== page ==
N: On that note, how’d the joint with G Rap and Kane come about?
C: I used to want to be Big Daddy Kane. We used to idolize Kool G rap and the Juice Crew All Stars. We were raised up on original East Coast rap music, just like everybody else was. They were people that we respect and look up to as OGs in the game. I felt like I wanted to make a song with them people before my career was over and this is the time to do it. Marley Marl is the original motherfucker that put the 808 in a record and made it go boom. He’s the original dun dada with this beat making shit. Make no mistake, he’s the truth. It just so happens that my manager was real close with him and I got the opportunity to meet Marley Marl and he sent me some beats. I was sitting around listening to ‘em and he had a couple of remakes of some old shit on there and it just all came together. It’s one of the last songs of the album that came together. That’s just paying homage to the foundation of this shit. When I see Kool DJ Red Alert in New York, I bow down to him. I never got a chance to meet Kool Herc, but when I do meet him I want an autograph. These motherfuckers is the real OGs of this shit. And I got a lot of respect for them. It was a pleasure and an honor to do a song with those guys. We reaching back and bringing some history up so these youngsters gonna see what’s going on. If you don’t know where you came from how the fuck you gonna know where you going?
N: I feel like a lot of the New York heads aren’t even putting the legends on their records these days.
C: It’s ironic that some boys from Texas had to be the ones to reach back and grab Marley Marl and grab Big Daddy Kane and Kool G Rap and put them on in ’07. Ain’t that some shit? Seems kind of odd that some motherfuckers from Texas had done that. But back then, nobody was trippin’ on where a motherfucker was from. Remember Rakim said “it ain’t where you from, it’s where you at?” That’s the era I come from. I’m an 80’s baby. All these new young motherfuckers is the ones tripping on where a motherfucker from or what coast the music come from or all this little ho ass shit. Niggas say they got beef but it look like pork to me.
N: What do you think causes that divide in hip hop?
C: What causes a motherfucker to just straight up be a hater on these streets? What causes a motherfucker that you went to school with your whole life to want to shoot you and rob you? Jealous, envy, greed, wicked men, deceitful hearts, females with penises. Bitch ass niggas is what causes this shit. I remember a time when being a rapper was the thing to be, a rapper was an upstanding citizen, a cool cat. You had to be a cool motherfucker to rap. You had to be a cool motherfucker to wear that dookie rope chain and come around. You remember the pictures of Eric B & Rakim? Them niggas was cool motherfuckers. You had to be to get on a record. Just to touch the microphone you had to be a cold motherfucker. Now a person say “rapper” they think of a fugazi motherfucker, a fraud. A motherfucker that lies and talks about shit he ain’t never done. We done let so many fake motherfuckers come into this game and have embraced so much fraud shit and have gave awards and put crowns on so many pussy motherfuckers that to be a rapper now it ain’t even the thing to be. A rapper ain’t no upstanding citizen, a nigga gotta check your credibility. Back then, by the time you saw a rapper on a record, he already had paid his dues in the street. That motherfucker had already been tested or he wouldn’t even bubble to the top. Now it seems like the buster niggas get on earlier than the real niggas do. And that’s why there’s so much hate and envy in the game. Any time you put pussy into the equation you gonna have a pussy ass environment and a fucked up system of doing things. That’s why I see there’s so much division. Let me tell you something man, I don’t hear certain motherfuckers tripping off coasts man. If niggas having money I don’t hear them dissing the south. I was just on the phone with Cam’ron. Cam’ron ain’t trippin on the south. Cam’ron’s opening up a record company in the south. I don’t hear him complaining. I don’t hear Jay-Z on his record dissing the south. I don’t hear Fat Joe dissing the south, in fact I see Fat Joe embracing our sound. I don’t hear Scarface on records talking shit about the west coast. I don’t hear real niggas on the west coast like WC or Ice Cube dissing the east or the south. It be pussy motherfuckers with this bullshit. They keep saying “You niggas fucking up hip hop.” Man let me tell you something, everytime a man spit a rap, don’t make them records hip hop records, we making country rap tunes down here. And everybody want to be mad at D4L and Dem Franchize Boys. Guess what man? What’s the difference between them records and [Rappin’ Duke’s] “Da Ha Da Ha”?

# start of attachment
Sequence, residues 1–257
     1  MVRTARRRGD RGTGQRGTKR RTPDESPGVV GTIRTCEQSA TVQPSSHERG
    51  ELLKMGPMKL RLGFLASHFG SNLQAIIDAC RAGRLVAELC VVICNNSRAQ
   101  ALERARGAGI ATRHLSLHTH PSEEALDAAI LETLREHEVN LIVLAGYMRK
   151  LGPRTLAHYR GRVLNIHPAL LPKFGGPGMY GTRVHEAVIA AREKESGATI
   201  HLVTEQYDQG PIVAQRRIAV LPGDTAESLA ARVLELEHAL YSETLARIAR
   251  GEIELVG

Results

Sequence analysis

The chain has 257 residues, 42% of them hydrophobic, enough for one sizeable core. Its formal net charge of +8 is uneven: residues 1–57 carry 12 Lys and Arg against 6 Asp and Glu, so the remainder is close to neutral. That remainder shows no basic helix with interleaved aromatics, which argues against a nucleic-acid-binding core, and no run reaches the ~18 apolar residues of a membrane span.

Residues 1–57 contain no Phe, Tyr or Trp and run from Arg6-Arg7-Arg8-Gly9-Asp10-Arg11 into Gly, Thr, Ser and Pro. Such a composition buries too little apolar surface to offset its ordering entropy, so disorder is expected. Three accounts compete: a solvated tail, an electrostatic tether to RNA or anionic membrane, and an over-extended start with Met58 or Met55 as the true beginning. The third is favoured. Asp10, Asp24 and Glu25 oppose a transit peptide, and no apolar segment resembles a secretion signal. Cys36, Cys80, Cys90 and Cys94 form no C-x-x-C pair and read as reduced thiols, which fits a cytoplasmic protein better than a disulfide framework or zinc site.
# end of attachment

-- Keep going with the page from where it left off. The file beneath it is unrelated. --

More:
N: It’s just party music.
C: Exactly. What’s the difference man? What you so mad about? We need different genres of this music so that it can keep expanding and so that it can stay at the forefront and we can keep eating. It’s got to change. Everything can’t be ice water and cool, everything can’t be hardcore all the time, everything can’t be one tempo. We need different genres of this thing called rap. Mary J. Blige is just as much hip hop as Notorious BIG as King Tee was as Rodney O and Joe Cooley.
N: Is there anything else you want add?
C: That I’m just happy to still be in this game that we call rap. After so many years I’m glad to still have a position in this shit. I want to use my influence to bring some positive things to this game. We’ve done enough tearing down on our own, let’s bring something positive to this shit. Let’s get back to the music instead of all the bickering and arguing about where a motherfucker is from. Just represent your hood to the fullest and everything gonna be alright. I’m down here, I’m gonna represent mine. If you mad about something, say you mad, we can’t keep guessing who you talking about. And goddammit we can either sit down and talk it out or do whatever it is you feel like you wanna do. We oughta be able to sit down and talk about anything as men. You can’t make up with no dead man. If people got problems out there reach out to that man and talk to him.
And to all the producers out there – you all kinda stuck in the style, you need to get up off the hand clap and the snare drum and the double time hi hats. That’s my motherfuckin formula, get up on your own shit. Bring some originality to the game and we can all ride on.